So what is it about the show — which premiered in 1998 and ended over 15 years ago — that has us reaching for our dusty boxsets to rewatch? While we can accept some parts of the show have dated badly (like the lack of diversity, for one), others deserve to be praised and recognized for the impact they have made on modern women today. From the importance of friendship to never faking an orgasm, here’s why we’re still watching SATC two decades on.
One of the best things about SATC is that it’s based on real, working women: Carrie Bradshaw with her writing career, Samantha Jones, a PR queen, Charlotte York as an art dealer, and Miranda Hobbes, the law powerhouse. Some of them may have had an inexplicable stash of cash (we’re looking at you, Carrie — what writer lives a lifestyle like that?), but all with good jobs making their own way. Of course, they all had their ups and downs with work – especially when Charlotte gave it all up to become Mrs. MacDougall – but isn’t that what makes it so relatable? For the time period the show was made in, it was refreshing to see women with such successful careers.
If SATC did one thing for women all over the world, it was making them fall in love with New York City. I mean, who doesn't want to live somewhere where you can stay out all night, go to boozy brunches, and meet the love of your life? Because that's what the show promised NYC would be like. Sure, it rarely showed the things that make the city so testing, like rats and subway delays, but it painted a picture of a city where anything could happen. We can only imagine how many people moved to New York because of the iconic show.
Okay, we know the show is about women... but what really would it be without the men in their lives? Of course, Mr. Big was the main heartthrob of the series, but we can't forget some of the other studs who gave us a newly restored faith in mankind. Firstly, Aiden - the one who got away. We all wonder deep down what would have happened if Carrie chose him instead of Big. Steve was an absolute angel to Miranda because we can't deny that she was hard work. Charlotte's Harry was the most loving husband and father ever and who could forget when Smith shaved his head for Samantha? Pure gems.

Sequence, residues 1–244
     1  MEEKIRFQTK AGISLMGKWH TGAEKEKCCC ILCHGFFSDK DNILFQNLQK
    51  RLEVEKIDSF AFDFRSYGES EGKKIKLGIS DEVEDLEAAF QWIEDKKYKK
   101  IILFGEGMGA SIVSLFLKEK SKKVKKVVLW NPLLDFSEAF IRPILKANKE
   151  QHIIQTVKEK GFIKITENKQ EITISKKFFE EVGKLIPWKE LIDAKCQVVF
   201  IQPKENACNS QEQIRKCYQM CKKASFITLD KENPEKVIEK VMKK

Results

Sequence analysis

SATC was the hottest show in town back when it was airing, so it's no surprise that not only were the celebs queueing up to play characters on the show, but they were also eager to appear as themselves. Matthew McConaughey played himself, who was dying to produce a movie version of Carrie’s column. Heidi Klum appeared alongside Carrie in a fashion show, and Hugh Hefner offered Samantha his knee. Truly iconic cameos.
If you watch SATC back today, the number of familiar faces might surprise you. When famous actors weren't dropping in as themselves, they had some very interesting characters. Justin Theroux was lucky enough to be featured in the show twice, once as Jared, a writer friend of Stanford’s who had a thing for giving the thumbs-up and was named one of New York Magazine’s “30 Coolest People Under 30.” He also played Vaughn, a fiction writer who orgasms too fast. Who woulda thought?
Although there are lots of people who think the SATC movies didn't do the series justice, we appreciate them for what they are. The movies threw us lots of curveballs that we would have never seen coming from watching the series: Steve cheating on Miranda, Aiden's big comeback, and Carrie and Big's wedding. Although we never got the third movie that we'd hoped for (anyone who follows Hollywood gossip knows why), the first and second SATC movies wrapped up the storylines nicely and we're quite content with how it all panned out.
As much as we love New York, there was nothing more exciting than when the gals got out of the big city to visit somewhere new. For example, when Aiden took Carrie upstate to his cabin in the woods and it wasn't her cup of tea, or when Carrie moved to Paris for that brief period of time. And who could forget Abu Dhabi in the second movie? We love to travel vicariously through our favorite TV ladies.